The new study collected samples from 335 people across four London hospitals. Around half of the group had been diagnosed with stomach or esophageal cancer and the other half had shown no evidence of cancer after having an endoscopy. After analyzing all the samples, the new breath test achieved an 85 percent accuracy rate, correctly identifying those both with and without cancer.

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Jan 29, 2017

Pull A Body Apart With This Augmented Reality App

Posted by in categories: augmented reality, biotech/medical

Looking for that perfect gift for the medical student in your life? Search no more.

Is it wise to make medical students feel like renegade fictional genius Tony Stark, magically waving human bodies apart like the holographic diagrams in the Iron Man basement lab? Should we use technology to make millennials feel like superheroes? Stop asking difficult philosophical questions and look at how cool this is.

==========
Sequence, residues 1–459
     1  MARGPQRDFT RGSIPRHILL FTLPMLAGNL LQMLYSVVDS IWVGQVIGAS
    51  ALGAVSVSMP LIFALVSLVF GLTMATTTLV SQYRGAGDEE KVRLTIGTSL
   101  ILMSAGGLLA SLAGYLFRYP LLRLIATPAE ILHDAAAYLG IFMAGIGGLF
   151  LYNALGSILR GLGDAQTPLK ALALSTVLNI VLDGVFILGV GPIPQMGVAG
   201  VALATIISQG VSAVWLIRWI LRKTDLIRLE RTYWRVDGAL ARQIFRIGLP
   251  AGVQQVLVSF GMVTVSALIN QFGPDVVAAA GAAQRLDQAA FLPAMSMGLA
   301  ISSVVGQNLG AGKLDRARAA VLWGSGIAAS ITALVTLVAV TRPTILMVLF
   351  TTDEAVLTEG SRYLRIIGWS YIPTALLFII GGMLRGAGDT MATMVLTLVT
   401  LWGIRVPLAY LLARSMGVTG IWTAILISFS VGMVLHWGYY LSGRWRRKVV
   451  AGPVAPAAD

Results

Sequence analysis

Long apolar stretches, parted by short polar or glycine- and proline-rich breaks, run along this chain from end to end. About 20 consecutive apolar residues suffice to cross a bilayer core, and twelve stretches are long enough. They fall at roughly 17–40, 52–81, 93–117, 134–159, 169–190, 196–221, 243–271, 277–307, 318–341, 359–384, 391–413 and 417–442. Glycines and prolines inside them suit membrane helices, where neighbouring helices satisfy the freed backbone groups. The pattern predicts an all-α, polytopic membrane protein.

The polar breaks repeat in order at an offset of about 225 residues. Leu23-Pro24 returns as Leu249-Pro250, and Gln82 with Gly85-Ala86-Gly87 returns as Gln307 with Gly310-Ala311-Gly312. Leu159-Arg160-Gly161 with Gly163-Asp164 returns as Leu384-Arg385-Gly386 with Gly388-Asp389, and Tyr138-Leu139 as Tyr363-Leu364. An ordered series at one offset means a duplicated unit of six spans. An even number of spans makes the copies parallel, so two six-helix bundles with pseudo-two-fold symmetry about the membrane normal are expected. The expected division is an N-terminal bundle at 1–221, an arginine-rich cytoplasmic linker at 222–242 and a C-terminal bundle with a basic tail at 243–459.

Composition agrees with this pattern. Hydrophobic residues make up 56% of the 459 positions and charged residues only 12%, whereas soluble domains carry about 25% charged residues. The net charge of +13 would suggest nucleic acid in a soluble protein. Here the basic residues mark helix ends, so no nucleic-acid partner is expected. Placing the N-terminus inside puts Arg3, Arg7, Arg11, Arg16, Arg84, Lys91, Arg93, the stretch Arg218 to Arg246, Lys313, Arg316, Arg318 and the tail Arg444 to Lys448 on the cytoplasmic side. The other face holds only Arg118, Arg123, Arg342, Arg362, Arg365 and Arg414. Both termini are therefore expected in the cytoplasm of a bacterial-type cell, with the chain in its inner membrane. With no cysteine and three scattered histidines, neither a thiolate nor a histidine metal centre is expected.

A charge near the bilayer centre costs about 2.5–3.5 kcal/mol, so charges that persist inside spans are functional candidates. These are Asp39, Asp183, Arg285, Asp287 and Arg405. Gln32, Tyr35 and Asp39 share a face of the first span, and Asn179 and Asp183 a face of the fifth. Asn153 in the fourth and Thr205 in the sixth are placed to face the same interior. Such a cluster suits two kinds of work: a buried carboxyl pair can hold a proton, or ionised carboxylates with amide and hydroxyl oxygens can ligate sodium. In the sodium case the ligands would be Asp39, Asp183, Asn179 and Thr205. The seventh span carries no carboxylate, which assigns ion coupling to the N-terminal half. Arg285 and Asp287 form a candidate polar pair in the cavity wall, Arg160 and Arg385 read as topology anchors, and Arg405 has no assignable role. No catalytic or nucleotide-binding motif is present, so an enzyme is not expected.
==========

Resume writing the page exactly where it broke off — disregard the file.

This augmented reality app is called Project Esper. It uses hand gestures to allow the users move and study anatomy. Users can pull the human body apart and investigate the organs and limbs piece by piece. Look—just look at this magical Star Trek karate:

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Jan 29, 2017

Researchers design 3D system to detect circulating tumor cells

Posted by in category: biotech/medical

Someday, we will have glasses or contacts that will be able to detect tumors and notify us or even contact doctor’s office to set up the appointment for us.

Researchers have shown that they could efficiently capture and simultaneously filter out the circulating tumor cells (CTCs) permanently from cancer patients’ whole blood, which otherwise could gain access into the blood and invariably cause metastasis.